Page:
Retiring…to a cruise ship

Sounds too good to be true: no house or car payments, no cleaning, grocery-shopping, cooking, garbage removal, repair or yard-maintenance chores. All your meals are prepared, your home has frequent entertainment, a pool, spa and medical care, you love to travel and meet new people constantly. What’s not to like?

Running the numbers

Living aboard a ship or being a very frequent cruiser can cost not all that much more than a retirement home, depending on where you live, your taste for economy vs. luxury and your health. The annual median cost for an assisted living facility in the U.S. was $48,000 (or $132 per day) in 2018, according to the Genworth Cost of Care Survey; a nursing home private room was over $100,000 if you didn’t have long-term care insurance. But it varied greatly by region: in the New York City area, the assisted living median was $70,989, compared to $155,125 for a nursing home private room. In the San Francisco area, assisted living was $66,000, vs. $139,795. 

Life aboard ship

But some cruises start at under $100 a day. Some folks adore cruising as a lifestyle, like Mario Salcedo, 69, who’s lived aboard cruise ships for 20 years, almost entirely on Royal Caribbean Cruises mega-ships, packed with thousands of passengers and activities from rock-climbing walls to skating rinks. He isn’t even retired: he runs his investment management business from his laptop on the pool deck, and works daily. The ex-international finance director for a multi-national company once spent most of his time on planes, but 2019 marked his 8,000th night on a cruise. A short film interviewed the never-married Salcedo, who spends about $70,000 a year on back-to-back cruises, which he books up to two years ahead, and has traveled everywhere from Asia, Europe to Latin America. Nowadays, he mostly cruises the Caribbean and Bahamas, but flies to Spain annually for a Europe cruise. He visits his Miami condo less than two weeks a year.

Lee Wachtstetter, now 90, wrote a memoir about living on luxury line Crystal Cruises for nine years after her husband died. Crew members built extra storage shelves and gave her a wall hanger for her jewelry. Recently, a couple lived aboard Crystal for over five months, combining a world cruise with two other sea voyages plus a European river cruise.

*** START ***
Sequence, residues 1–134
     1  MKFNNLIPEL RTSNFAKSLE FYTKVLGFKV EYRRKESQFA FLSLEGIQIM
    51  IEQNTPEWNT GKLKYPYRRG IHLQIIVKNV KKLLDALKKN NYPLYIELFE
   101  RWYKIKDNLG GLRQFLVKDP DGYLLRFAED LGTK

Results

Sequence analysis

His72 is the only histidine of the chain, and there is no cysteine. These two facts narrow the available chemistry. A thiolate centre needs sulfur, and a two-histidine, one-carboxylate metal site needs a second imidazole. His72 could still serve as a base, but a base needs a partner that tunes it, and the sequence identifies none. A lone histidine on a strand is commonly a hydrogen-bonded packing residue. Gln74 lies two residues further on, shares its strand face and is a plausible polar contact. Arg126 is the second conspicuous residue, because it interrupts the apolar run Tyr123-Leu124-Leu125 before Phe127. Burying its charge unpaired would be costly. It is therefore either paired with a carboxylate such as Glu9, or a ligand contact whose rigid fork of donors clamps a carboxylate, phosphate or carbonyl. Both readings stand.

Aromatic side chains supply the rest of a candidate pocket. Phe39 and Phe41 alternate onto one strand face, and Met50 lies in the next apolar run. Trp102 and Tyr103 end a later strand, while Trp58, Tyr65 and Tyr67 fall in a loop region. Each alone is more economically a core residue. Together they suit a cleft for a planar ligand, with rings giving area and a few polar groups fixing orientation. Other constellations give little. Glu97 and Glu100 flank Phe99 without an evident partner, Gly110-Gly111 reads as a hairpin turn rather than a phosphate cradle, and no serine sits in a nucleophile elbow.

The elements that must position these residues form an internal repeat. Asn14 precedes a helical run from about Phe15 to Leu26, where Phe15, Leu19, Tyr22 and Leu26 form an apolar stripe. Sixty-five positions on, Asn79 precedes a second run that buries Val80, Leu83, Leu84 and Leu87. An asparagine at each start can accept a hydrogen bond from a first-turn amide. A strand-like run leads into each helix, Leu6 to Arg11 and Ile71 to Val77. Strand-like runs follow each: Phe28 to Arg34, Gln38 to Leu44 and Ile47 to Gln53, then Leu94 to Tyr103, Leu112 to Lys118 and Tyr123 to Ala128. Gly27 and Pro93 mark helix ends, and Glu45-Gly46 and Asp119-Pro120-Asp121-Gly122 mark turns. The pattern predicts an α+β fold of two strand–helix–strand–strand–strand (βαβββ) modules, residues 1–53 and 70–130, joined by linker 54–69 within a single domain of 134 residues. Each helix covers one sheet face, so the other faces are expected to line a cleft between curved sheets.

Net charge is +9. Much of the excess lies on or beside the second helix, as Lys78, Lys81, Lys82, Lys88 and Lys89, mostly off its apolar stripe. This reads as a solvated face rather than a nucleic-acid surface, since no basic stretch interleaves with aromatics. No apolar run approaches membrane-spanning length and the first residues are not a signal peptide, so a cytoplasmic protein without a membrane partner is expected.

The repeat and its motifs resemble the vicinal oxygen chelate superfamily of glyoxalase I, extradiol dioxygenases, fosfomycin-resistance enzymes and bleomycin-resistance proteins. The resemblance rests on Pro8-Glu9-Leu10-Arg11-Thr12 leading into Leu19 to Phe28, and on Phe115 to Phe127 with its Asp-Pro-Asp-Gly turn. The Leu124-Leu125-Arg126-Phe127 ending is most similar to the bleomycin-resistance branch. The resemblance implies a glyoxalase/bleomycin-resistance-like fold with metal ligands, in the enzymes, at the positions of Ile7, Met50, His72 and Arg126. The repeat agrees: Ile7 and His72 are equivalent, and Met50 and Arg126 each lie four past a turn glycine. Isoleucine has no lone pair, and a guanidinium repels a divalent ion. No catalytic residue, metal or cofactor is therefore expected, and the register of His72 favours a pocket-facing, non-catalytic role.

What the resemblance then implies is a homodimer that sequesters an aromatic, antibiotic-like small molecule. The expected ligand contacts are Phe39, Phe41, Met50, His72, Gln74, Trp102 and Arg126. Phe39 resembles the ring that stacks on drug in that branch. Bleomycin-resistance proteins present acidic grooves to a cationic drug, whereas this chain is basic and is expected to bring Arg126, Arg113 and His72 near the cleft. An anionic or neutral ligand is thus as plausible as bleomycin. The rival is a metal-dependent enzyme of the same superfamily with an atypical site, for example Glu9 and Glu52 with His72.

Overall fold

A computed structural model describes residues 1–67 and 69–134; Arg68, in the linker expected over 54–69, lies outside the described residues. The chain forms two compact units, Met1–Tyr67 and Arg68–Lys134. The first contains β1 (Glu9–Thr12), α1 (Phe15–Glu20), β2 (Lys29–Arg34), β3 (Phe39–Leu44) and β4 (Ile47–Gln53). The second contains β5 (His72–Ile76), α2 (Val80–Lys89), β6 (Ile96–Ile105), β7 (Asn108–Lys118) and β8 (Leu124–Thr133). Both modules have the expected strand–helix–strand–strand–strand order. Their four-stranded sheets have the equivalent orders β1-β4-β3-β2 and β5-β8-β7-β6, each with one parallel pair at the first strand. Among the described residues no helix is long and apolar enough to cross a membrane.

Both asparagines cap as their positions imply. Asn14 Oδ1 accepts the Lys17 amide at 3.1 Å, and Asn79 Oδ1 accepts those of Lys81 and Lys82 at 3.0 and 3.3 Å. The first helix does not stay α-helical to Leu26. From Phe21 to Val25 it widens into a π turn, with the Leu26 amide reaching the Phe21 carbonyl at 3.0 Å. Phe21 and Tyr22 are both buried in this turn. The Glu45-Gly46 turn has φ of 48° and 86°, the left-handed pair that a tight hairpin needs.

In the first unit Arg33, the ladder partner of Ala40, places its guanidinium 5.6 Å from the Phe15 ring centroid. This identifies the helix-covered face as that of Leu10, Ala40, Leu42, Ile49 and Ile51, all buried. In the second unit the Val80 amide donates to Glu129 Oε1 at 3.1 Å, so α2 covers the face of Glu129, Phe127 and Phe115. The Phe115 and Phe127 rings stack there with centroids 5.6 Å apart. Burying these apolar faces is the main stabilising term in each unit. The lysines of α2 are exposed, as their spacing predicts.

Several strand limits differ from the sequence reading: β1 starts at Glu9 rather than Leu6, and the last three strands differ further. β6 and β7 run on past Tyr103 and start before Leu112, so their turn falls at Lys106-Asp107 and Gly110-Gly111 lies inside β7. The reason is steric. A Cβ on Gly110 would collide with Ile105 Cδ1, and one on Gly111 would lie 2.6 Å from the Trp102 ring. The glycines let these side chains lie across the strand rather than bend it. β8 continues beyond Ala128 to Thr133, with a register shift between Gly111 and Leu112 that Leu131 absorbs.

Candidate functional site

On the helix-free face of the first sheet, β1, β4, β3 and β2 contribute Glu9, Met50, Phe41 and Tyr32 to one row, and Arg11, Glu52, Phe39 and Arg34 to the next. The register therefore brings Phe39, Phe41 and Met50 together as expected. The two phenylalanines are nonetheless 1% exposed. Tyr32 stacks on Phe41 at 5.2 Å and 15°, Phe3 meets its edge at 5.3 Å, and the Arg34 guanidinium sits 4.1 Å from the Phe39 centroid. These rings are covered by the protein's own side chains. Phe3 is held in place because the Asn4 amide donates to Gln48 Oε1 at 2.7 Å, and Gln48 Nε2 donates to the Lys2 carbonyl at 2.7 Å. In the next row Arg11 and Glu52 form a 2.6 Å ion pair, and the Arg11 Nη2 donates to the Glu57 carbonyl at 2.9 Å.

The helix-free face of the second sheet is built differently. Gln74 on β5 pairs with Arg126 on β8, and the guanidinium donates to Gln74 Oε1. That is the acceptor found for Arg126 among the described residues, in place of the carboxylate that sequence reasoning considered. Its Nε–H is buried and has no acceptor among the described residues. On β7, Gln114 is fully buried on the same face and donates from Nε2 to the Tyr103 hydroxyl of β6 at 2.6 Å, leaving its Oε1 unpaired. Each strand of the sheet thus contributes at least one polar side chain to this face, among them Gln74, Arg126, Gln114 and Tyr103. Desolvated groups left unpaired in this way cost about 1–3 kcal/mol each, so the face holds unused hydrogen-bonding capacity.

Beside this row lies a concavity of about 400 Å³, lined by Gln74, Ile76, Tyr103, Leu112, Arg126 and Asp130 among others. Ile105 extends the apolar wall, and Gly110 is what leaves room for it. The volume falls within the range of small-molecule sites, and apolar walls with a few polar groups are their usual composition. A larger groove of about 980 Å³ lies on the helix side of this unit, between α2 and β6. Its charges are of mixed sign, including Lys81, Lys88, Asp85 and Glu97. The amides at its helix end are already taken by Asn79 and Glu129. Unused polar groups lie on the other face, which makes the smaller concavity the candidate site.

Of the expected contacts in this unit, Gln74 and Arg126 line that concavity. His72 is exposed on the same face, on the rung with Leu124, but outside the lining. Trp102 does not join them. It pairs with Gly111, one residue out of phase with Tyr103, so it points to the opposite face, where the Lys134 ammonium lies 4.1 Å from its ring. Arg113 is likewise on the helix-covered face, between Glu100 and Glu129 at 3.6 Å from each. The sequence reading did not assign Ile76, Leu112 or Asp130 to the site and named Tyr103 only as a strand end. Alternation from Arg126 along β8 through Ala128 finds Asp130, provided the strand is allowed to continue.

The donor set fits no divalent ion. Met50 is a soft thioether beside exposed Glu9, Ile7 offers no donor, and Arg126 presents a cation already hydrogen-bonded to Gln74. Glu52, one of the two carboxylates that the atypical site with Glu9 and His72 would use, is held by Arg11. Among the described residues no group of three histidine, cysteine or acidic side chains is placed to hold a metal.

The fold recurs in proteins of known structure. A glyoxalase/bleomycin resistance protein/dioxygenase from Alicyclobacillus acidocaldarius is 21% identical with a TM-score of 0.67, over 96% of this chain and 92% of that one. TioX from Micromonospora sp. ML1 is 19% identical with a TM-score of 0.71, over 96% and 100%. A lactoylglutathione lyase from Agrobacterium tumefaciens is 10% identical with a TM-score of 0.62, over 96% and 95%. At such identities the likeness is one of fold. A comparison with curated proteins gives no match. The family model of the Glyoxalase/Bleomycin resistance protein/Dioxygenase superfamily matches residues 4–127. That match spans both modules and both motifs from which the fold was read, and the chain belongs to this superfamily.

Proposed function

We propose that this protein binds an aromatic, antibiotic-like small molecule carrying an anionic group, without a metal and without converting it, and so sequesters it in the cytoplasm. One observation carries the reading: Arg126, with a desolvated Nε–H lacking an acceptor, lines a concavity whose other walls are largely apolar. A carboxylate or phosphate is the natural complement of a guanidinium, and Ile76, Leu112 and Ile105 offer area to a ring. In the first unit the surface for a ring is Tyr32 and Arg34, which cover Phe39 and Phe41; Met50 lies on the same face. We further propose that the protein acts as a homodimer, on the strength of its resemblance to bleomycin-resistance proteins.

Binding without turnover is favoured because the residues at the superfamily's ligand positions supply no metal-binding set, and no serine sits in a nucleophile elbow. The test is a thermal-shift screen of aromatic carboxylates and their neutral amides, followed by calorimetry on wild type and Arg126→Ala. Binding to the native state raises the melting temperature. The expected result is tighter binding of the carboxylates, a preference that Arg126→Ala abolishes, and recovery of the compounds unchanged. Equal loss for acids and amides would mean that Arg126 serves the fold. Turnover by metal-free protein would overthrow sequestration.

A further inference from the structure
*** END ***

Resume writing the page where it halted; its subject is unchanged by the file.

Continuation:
A private luxury residential ship, The World, sells condos of up to three bedrooms that start at $1.5 million for studios. Owners spend three to six months aboard on average, and have a vote in its year-long itinerary, which features deep-dive explorations of remote locations, Michelin-starred guest chefs and a 1,100-label wine list. In 2019, its 91-port cruise began in South Africa, with visits to Madagascar, Sri Lanka, Seychelles, India, Mediterranean, Greenland, Japan and Southeast Asia, and ends in Hong Kong New Year’s Eve. Its 2020 voyage covers Australia (two months), Chile, Antarctica and northern Europe, including St. Petersburg, Russia. 

Tips for would-be full-time cruisers:

  • If you have a chronic health issue requiring close medical attention, this isn’t for you.
  • Can you downsize? In essence, you’re renting a furnished room in a very, very big house with hundreds or thousands of other roommates and multiple living rooms. If you enjoy the variety of hotels, you’ll miss that. Your new pared-down lifestyle means you either keep your furniture and most possessions at home if you still own it, pay for monthly storage, sell or donate it if not, or rent out your home.
  • Are you good with details?  You need precise time and logistics planning (or ask a travel agent cruise specialist). You’ll be booking many short cruises back-to-back (or two, if you do two around-the-world six-month voyages a year), so you need to figure out where you’ll stay in the few days between cruise arrivals and departures, and hotel, Airbnb and/or flight costs involved (unless you stay with family or friends). It’s unlikely all your voyages will depart/arrive the same day in the same port. On Crystal , there’s a 5% discount for same- or next-day back-to-backs.
  • Uncover hidden cruise costs. Rock-bottom rates are often advertised, but drinks (from alcohol, sodas, specialty coffees to bottled water), meals (specialty restaurants have surcharges), port tours (from $50 to hundreds) and the Internet ($10 per day and up) cost extra, tips are automatically added and the single-occupancy charge is steep. You can save by buying beverage or specialty dining packages in advance; eating in the free restaurants only; booking your own port excursions (often with the same local operators cruise lines use, minus the mark-up) – or taking few or none;  going to Internet cafes/WiFi hot spots in ports; staying in interior cabins (no-view is always cheapest) and adjusting your tip. Luxury cruise lines include far more in the price. Always check the fine print. 
  • Figure out your social needs. Will you miss seeing family and friends for long periods? Will they join you on voyages or in ports? Will you feel lonesome constantly being among strangers (most of whom are in couples) or will you welcome meeting fellow passengers and crew? 
  • Pets: For many for whom a beloved pet is part of the family, not taking Fluffy or Whiskers is a deal-breaker.

Photos: Crystal Cruises

 

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